As @Cory rightly pointed out, there should not be spaces around the equal sign or else bash will confuse
COUNTER for a command.
COUNTER=$(expr $COUNTER + 1)
going off-topic ...
That said, you could avoid having bash fork a subprocess by using the following alternatives:
In fact, your while loop can be written as:
for ((COUNTER=0; COUNTER <= 5 ; COUNTER++))
echo "i will add this line to file mycreation">>./myfile
Breaking down the error message
When you were met with the error:
line 7: 0: command not found.
'-----' '--' '------------------'
| | |
location | Description of error.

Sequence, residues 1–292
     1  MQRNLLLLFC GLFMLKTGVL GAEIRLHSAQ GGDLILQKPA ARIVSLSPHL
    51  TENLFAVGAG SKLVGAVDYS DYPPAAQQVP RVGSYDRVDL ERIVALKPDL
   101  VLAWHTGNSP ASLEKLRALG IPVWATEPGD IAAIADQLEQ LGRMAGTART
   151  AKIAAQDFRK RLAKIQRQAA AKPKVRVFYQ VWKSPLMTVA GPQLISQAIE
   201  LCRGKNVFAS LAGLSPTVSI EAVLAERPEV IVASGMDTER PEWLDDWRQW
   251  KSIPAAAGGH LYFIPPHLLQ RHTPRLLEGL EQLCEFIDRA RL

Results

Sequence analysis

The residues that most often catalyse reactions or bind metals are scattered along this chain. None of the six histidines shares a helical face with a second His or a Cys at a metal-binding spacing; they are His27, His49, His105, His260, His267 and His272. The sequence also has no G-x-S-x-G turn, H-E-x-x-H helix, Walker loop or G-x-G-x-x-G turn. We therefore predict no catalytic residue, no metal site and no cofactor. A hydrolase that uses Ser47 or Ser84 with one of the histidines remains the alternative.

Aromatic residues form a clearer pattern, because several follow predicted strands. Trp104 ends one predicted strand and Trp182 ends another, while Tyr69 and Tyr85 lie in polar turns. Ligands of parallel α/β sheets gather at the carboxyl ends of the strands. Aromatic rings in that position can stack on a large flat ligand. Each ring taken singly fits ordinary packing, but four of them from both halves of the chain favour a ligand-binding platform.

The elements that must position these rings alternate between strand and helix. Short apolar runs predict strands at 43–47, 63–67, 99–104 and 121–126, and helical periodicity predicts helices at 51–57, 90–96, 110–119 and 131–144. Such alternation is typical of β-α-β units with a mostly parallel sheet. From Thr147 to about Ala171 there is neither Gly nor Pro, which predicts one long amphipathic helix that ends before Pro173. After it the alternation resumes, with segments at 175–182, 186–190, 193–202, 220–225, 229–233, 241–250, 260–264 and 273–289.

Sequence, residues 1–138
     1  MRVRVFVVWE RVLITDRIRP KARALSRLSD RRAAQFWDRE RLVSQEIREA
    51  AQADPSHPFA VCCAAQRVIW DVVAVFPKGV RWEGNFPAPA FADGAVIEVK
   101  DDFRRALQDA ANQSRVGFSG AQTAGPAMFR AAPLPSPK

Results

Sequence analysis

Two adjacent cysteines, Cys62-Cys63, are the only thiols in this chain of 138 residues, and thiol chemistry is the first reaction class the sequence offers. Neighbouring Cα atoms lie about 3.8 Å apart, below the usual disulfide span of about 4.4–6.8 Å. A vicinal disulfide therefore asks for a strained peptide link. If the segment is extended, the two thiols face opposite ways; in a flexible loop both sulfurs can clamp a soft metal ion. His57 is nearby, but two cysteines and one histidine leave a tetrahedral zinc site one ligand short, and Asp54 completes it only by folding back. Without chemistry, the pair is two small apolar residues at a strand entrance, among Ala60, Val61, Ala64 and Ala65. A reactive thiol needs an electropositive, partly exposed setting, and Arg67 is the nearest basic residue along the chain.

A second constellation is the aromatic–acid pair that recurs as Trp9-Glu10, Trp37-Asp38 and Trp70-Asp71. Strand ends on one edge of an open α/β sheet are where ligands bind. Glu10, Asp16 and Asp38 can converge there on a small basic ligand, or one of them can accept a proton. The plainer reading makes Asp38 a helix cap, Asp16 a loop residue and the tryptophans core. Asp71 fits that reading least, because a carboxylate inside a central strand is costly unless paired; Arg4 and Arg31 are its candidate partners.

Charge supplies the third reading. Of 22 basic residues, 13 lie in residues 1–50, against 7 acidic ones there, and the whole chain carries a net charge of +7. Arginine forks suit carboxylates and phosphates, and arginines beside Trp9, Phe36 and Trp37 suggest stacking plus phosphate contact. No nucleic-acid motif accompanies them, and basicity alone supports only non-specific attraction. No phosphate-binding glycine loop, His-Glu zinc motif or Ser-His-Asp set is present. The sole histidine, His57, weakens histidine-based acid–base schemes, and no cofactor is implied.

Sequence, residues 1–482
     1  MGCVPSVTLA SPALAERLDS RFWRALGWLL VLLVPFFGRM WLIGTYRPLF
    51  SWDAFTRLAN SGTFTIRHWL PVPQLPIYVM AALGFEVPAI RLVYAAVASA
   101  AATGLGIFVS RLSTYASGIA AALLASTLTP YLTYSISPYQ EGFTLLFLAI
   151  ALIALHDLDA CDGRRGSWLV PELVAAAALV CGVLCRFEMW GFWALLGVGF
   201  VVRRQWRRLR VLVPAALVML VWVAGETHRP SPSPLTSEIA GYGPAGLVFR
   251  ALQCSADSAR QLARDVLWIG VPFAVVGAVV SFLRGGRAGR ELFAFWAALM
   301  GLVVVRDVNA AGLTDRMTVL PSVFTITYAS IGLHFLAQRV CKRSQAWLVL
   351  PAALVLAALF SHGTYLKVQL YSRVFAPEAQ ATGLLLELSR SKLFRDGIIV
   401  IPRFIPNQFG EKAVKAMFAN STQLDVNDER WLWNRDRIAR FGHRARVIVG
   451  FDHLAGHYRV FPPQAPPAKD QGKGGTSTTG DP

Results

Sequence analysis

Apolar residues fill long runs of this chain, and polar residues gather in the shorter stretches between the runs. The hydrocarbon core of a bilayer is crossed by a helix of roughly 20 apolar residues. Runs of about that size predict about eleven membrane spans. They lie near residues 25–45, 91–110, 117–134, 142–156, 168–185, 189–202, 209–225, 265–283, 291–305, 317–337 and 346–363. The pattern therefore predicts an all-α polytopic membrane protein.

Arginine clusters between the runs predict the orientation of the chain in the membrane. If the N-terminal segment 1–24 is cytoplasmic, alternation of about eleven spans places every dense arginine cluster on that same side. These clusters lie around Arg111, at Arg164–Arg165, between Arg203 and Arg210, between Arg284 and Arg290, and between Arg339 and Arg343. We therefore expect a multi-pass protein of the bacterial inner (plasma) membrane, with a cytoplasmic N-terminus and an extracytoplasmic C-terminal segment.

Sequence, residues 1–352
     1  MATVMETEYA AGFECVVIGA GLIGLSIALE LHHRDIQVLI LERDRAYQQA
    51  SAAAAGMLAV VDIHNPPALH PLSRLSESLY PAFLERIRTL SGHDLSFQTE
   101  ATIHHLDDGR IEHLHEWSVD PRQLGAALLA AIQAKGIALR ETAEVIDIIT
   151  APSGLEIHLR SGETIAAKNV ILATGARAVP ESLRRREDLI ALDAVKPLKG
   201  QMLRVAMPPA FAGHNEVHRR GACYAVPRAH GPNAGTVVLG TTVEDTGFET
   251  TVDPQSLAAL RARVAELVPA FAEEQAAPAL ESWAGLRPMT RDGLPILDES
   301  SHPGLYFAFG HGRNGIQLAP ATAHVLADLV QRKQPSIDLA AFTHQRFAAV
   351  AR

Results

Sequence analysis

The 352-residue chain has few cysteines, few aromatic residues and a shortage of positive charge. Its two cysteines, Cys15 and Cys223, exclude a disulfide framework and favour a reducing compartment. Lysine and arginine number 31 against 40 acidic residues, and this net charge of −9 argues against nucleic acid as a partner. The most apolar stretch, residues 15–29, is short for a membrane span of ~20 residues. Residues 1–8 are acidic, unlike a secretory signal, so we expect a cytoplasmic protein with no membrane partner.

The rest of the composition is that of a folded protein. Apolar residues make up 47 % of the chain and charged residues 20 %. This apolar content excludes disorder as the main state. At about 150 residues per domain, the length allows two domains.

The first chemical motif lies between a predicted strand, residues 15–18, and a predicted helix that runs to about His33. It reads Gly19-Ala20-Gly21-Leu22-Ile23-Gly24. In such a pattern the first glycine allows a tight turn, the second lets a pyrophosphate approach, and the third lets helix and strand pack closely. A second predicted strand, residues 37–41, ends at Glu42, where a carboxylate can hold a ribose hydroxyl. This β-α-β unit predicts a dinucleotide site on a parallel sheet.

my guess is what you had on line 7 was
$COUNTER = `expr $COUNTER + 1`
Evaluated to 0 |
Evaluated to 1
What bash ends up see is
0 = 1 and since bash statements are generally in the form
command arg1 arg1 ..., bash interprets it as run the command
0 with arguments
= 1. Thus the error message :
0: command not found.
When you removed the spaces around the equal sign, what bash ends up interpreting is:
which means run command
0=1 with no arguments, hence the error
0=1: command not found.
Variable assignments should be in the form
VAR_NAME=VALUE (without the
$), so the syntax you should be using is:
COUNTER=`expr $COUNTER + 1` # or any of the variants above
which bash evaluates and eventually interpret as: